- Industry titans Microsoft, J.P. Morgan, ING, BP and Thompson Reuters all announced their partnership with Ethereum, in hopes of using its smart contract and security features to handle complex, speed-demanding business needs of the digital money era
- Dark markets are now considering using ether alongside bitcoin for online transactions, citing popularity and stability as reasons for their adoption
Is a Price Bubble in the Works?
The price of ether has since leveled off in the mid-$40 range and is resting comfortably on what is considered to be organic momentum, meaning the price is not thought to be manipulated or driven by large financial institutions, but out of genuine interest. The consensus of technical analysts around the web is that Ethereum is the real deal – it is a fundamentally sound technology that is backed with corresponding money flows. With a current market capitalization of $4.2 billion, Ethereum is far above the rest of the altcoins in terms of value and popularity, however it is still a far cry from removing bitcoin and its $16 billion market cap from its spot as #1 cryptocurrency in the cryptocurrency world.
What Happened to the Bitcoin ETF?
On March 10th, the Securities and Exchange Commission (SEC) ruled against the approval of an official exchange-traded fund (ETF) for bitcoin, citing too much non-conformity of regulation to have clear legal footing. An ETF is a security (think stock or bond) that represents the price of tradeable good or item. Gold, silver, real estate and industry-specific ETFs have facilitated Wall Street’s investments in commodities for decades, and an ETF representing bitcoin would finally bring it to their arena.
Speculators Lose as BTC Price Tumbles
The ruling caused a short-lived 25% drop in the price of BTC as speculators wanting to get in on the ground floor of bitcoin’s Wall Street era had their hopes dashed. The fund is the brainchild of Mark Zuckerberg rivals Cameron and Tyler Winklevoss. Having been anxious to make it visible to institutional investors for quite some time, the Winklevoss twins pushed to make bitcoin investable through a market-listed ETF — a security whose price rises and falls with the price of bitcoin.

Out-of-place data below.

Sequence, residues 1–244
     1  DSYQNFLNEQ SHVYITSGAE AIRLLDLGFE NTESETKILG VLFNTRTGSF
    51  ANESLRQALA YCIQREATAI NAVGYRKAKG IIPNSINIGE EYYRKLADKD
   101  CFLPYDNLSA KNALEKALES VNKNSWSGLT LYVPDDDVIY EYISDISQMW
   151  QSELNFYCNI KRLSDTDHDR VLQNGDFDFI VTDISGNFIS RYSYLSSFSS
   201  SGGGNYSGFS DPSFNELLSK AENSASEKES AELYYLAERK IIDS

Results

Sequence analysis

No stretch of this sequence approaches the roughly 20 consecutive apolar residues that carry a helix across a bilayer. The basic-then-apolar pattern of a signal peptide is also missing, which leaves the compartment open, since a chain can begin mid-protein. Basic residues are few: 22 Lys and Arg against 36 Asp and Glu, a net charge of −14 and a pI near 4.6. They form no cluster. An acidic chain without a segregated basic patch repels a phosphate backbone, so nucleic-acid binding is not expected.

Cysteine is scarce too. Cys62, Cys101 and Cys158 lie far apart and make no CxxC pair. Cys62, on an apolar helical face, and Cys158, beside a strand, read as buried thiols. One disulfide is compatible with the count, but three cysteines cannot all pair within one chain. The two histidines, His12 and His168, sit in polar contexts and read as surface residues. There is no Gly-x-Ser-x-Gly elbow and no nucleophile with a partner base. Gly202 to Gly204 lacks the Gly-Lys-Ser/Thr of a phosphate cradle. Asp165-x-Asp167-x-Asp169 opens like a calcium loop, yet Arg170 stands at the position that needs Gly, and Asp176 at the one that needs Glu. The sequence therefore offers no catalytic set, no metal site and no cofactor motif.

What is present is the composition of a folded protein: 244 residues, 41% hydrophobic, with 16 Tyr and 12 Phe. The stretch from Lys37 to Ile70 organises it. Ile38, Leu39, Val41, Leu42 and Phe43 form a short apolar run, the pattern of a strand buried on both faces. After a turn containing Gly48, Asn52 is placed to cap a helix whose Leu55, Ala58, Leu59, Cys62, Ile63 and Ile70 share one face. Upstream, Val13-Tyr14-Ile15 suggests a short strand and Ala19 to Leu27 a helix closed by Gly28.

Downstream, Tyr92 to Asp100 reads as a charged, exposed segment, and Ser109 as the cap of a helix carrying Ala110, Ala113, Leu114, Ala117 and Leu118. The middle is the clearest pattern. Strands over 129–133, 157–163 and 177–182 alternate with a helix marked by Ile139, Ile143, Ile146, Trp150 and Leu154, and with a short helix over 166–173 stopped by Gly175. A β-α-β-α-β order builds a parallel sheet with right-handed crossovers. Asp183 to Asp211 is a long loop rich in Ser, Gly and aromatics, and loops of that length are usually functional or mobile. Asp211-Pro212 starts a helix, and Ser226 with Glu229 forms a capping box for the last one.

Plans for New Life
The would-be home of the ETF, the Bats BZX Exchange recently announced plans to appeal the SEC’s decision, breathing new life into the Winklevoss plan. Two different bitcoin ETF proposals are still looking for a SEC ruling and hope to learn from the loss of the Winklevosses. By anticipating and managing hurdles to approval ahead of time, these like-minded ETFs potentially have an improved chance of being listed on a securities exchange.
The Inevitability of Bitcoin
Despite the setback in the introduction of bitcoin to the world of Wall Street, bitcoin’s price recovered within a matter of days after the ruling and remains above or around the $1,000 mark. While financial regulators in China are seemingly bipolar in their relationship with bitcoin – frequently reversing course in policy from acceptance to prohibition – their effect on the price of bitcoin is waning as the larger picture of bitcoin’s global acceptance is now coming into focus. Just as Satoshi Nakamoto himself once hoped, the importance of bitcoin is not being ignored, and will eventually be embraced by Wall Street in some form or another.